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U.K. limits gambling advertisers
The list is out, and more than 1,000 online gambling sites may not be able to advertise in the United Kingdom when the Gambling Act comes into force Sept. 1.
Parliament has used new powers in the 2005 Gambling Act to ban gambling advertisements from companies operating outside the European Economic Area that haven't been given approval by the Department for Culture, Media and Sports (DCMS).
Jurisdictions outside the EEA that wished to be exempt from the ad ban had to pass a stringent assessment of their regulatory standards. In an announcement from the department today, only Alderney and Isle of Man are approved jurisdictions.
They demonstrated that they had in place a licensing regime designed to stop children from gambling, protect vulnerable people, keep games fair and keep out crime.
"I make no apology for banning adverts for Web sites operating from places that don't meet our strict standards. Protection is my number one priority," said James Purnell, DCMS secretary.
"The fact that only Alderney and the Isle of Man have been able to meet the high standards demanded by our white listing criteria shows how tough the Gambling Act is. Indeed white listing has actually helped drive up regulatory standards in some countries."
He uses Isle of Man to prove his point.
"The Isle of Man, for example, has made significant improvements to their regulatory regime in order to secure a place on the white list," he said. "This includes requiring all licensees to make contributions to problem gambling research, education and treatment in line with requirement on U.K. operators."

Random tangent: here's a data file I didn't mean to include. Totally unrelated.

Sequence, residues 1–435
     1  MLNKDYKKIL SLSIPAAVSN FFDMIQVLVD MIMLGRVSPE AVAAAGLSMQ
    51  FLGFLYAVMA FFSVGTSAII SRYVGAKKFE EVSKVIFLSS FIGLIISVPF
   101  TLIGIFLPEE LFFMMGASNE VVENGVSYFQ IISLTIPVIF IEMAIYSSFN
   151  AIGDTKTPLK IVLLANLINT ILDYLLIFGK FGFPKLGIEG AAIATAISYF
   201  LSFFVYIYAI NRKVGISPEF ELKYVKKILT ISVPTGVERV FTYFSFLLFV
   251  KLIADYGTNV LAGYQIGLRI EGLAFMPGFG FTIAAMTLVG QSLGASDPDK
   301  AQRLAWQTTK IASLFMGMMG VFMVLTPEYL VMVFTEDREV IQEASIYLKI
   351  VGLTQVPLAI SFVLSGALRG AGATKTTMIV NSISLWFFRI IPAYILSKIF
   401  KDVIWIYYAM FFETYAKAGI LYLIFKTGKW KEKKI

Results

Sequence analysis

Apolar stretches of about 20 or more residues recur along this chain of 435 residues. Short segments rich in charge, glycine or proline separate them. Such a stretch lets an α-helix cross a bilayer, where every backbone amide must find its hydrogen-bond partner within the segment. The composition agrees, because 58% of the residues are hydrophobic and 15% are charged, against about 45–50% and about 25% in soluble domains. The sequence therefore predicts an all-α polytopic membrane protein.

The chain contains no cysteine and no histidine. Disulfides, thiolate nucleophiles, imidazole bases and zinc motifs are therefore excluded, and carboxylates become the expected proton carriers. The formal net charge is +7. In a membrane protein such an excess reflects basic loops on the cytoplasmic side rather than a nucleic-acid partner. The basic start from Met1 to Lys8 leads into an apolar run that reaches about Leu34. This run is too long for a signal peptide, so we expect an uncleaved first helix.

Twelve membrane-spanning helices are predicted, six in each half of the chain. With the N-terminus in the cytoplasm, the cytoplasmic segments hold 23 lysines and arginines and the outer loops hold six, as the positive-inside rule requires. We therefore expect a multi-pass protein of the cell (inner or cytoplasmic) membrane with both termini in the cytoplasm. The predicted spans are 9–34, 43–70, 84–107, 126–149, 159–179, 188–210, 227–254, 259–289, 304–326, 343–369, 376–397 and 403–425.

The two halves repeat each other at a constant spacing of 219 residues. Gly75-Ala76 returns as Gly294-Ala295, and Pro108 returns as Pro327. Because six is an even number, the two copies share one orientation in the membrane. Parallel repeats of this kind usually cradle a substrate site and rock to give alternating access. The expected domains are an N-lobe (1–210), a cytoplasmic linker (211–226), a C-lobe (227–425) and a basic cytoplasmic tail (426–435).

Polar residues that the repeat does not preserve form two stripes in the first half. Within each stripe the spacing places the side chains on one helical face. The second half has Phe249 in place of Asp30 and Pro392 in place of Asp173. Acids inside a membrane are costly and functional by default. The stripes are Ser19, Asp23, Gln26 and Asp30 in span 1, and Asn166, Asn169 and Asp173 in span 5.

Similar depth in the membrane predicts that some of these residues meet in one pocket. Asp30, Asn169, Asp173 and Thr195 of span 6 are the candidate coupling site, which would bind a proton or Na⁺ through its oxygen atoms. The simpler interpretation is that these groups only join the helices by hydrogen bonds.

Alexander Canadian Reservation, Netherlands Antilles and Tasmania all had their applications for exemption to the gambling ad ban rejected. Any online poker or casino businesses based there will not be able to advertise in the U.K.
Gambling operators in jurisdictions that didn't apply for exemption, such as Costa Rica and Belize, will also not be allowed to advertise in the United Kingdom after the new Gambling Act goes into affect.
Still waiting for approval or denial are Kahnawake, in Canada, and Antigua. Until they get approval, online gambling operations there will also not be allowed to advertise.
Antigua is considered to have the largest number of gambling operators. It has 537 of the estimated 2,300 world-wide online gambling sites. One of which is Bodog, which recently moved there from Costa Rica.
Bodog is planning a campaign to kick off its expansion into Europe later this year. Not being able to advertise in the United Kingdom could put a dent in its plans.
Costa Rica has the second largest amount of gambling sites with 474, and it didn't even apply for exemption.
Costa Rica is followed by Kahnawake, with 401 sites, and Netherlands Antilles, with 343 sites.
Full Tilt Poker is certified by Kahnawake, and it and several other major poker sites and casinos may be looking at a ban for advertising in the United Kingdom.
Gambling operators can choose to move from the "black listed" jurisdiction to the approved jurisdictions or to the EEA. The jurisdictions they move to will then have to reapply for a place on the "white list."
The ban will apply to all forms of advertising including TV, radio, newspapers, magazines, taxis, buses, the tube and some Web sites. Operators, publishers, broadcasters and advertising companies caught break the rules could face fines or even imprisonment.
Those that are allowed to advertise in the United Kingdom will have to follow strict guidelines for advertising as well.
The Gambling Commission put in place rules and guidelines designed to protect children, young persons and other vulnerable people from being harmed or exploited by advertising that features or promotes gambling.
These rules will go into effect Sept. 1 along with the Gambling Act.